Recoil – Reducing Shooting Flinch

Since a friend asked for advice, I thought I better revive this old post about how to reduce shooting flinch. Is this something you’ve ever had an issue with? How did you deal with it? ~Mia

In sighting in my Little Gal’s rifle for her elk hunt, I noticed she had developed a flinch. She was anticipating the recoil when shooting her rifle. It was significantly decreasing her shooting accuracy. Her shots were all over the target, and some were missing it entirely. I have tried a couple of teaching techniques to help reduce her flinch. We needed to get a better shot group and hit the “kill zone” on paper.

The Little Gal practicing shooting from sticks.

Shooters feel the recoil as it punches the butt of the rifle into the shoulder. It is most recognizable when shooting from a bench or prone shooting position, and when adrenaline is flowing out in the field, the bad habits can ruin a hunt. A shooter can develop a habit of closing their eyes, pulling or jerking the trigger or even sitting back just as they pull it. These bad habits will cause their shots to be all over the place, and rarely hit the zone where they are aiming.


In working with my Little Gal, I have had her practice shooting with her hunting vest on. It is a Prois Sherpa vest which is soft and plush. It provided a significant amount of shoulder padding. Another thing a shooter can do is purchase a butt pad for their rifle. It will absorb much of the recoil between the gun stock and the shooter’s shoulder.

The Little Gal wearing her plush, reversible, Prois Sherpa vest.

The pain anticipation was reduced with the added padding between the rifle and LG’s shoulder. The problem was the bad habit of closing her eyes was still there, as was the reflex of sitting back from the gun as the trigger was pulled.

We worked on relaxing as well as some of the following:

  • Breathing techniques – She took a deep breath, slowly exhaled, then held it for a pause as she pulled the trigger.
  • Trigger control – We worked on not pulling or jerking her shots. She learned to pull the trigger slowly and steadily.
  • Shot at larger targets – Instead of aiming for a point on a bulls-eye. I purchased paper targets that were animal shaped. I asked her to look and see where the shot would hit.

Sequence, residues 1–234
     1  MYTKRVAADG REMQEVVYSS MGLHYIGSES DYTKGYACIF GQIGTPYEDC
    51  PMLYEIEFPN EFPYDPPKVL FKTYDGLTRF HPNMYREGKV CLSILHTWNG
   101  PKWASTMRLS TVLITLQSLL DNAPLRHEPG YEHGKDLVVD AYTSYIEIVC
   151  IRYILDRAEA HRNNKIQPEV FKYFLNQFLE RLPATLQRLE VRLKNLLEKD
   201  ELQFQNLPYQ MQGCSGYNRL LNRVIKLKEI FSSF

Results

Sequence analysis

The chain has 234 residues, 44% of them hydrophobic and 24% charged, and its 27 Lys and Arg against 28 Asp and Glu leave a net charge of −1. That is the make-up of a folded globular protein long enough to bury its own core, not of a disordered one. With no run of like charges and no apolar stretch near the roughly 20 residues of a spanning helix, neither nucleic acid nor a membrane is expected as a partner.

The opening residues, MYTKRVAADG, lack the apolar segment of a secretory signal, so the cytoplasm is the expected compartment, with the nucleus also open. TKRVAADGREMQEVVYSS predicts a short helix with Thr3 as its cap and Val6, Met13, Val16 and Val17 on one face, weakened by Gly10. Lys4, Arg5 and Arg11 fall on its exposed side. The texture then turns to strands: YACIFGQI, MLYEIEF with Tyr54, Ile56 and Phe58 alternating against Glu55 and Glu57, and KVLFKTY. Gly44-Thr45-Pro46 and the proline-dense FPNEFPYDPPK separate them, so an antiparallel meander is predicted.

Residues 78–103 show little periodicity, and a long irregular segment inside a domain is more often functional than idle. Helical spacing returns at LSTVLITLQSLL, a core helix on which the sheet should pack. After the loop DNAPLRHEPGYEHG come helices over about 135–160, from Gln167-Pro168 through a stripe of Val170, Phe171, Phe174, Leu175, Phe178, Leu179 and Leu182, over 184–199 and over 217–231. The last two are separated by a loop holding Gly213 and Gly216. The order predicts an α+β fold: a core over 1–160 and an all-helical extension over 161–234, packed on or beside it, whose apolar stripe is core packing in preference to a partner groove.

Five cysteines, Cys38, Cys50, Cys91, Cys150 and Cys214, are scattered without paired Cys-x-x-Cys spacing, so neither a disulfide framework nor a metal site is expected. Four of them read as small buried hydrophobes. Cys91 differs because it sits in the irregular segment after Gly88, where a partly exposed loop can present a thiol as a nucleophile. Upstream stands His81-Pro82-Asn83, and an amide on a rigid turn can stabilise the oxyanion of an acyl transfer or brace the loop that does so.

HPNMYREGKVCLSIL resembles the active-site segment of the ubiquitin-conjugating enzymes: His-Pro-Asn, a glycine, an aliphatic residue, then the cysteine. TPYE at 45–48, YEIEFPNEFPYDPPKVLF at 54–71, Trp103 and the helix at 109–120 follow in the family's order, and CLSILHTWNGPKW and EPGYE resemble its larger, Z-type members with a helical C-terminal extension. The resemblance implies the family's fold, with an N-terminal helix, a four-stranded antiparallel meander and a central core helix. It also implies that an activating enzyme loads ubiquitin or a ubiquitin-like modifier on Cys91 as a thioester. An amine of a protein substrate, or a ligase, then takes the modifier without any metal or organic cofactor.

• Shoot from various positions – I had LG shoot from the shooting bench and shooting sticks to change her mindset.
  • Created shooting scenarios – I asked her to rehearse the following, “The elk just walked out. He’s broad-side. You are going to shoot once. Quickly throw the bolt and reload. The elk didn’t fall. Quickly acquire your target and shoot again.” Rehearsing this scenario not only helped her for real-life hunting situations but also took her mind off the recoil and her shot grouping was much better.

With the added confidence of shots that were grouped much better, LG realized she could overcome her flinch. We also shot a very minimal number of rounds. Generally, a maximum of six. She never left the range with a sore shoulder. We are happy to work on better groupings instead of evading bad habits.

The Little Gal had a better shot grouping after working on reducing flinch.

What techniques do you use to overcome flinch when you are shooting?

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Mia Anstine is an outdoor writer, licensed outfitter, hunting guide, life coach, keynote speaker, and range safety officer, firearms instructor, and archery instructor. She is the founder of MAC Outdoors and Host of the MAC Outdoors Podcast. 

Mia Anstine strives to encourage others to get outside, hunt, fish, shoot, and survive life with others in a positive way.

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Mia Anstine
MAC Outdoors LLC
PO Box 31
Ignacio, CO 81137-0031 

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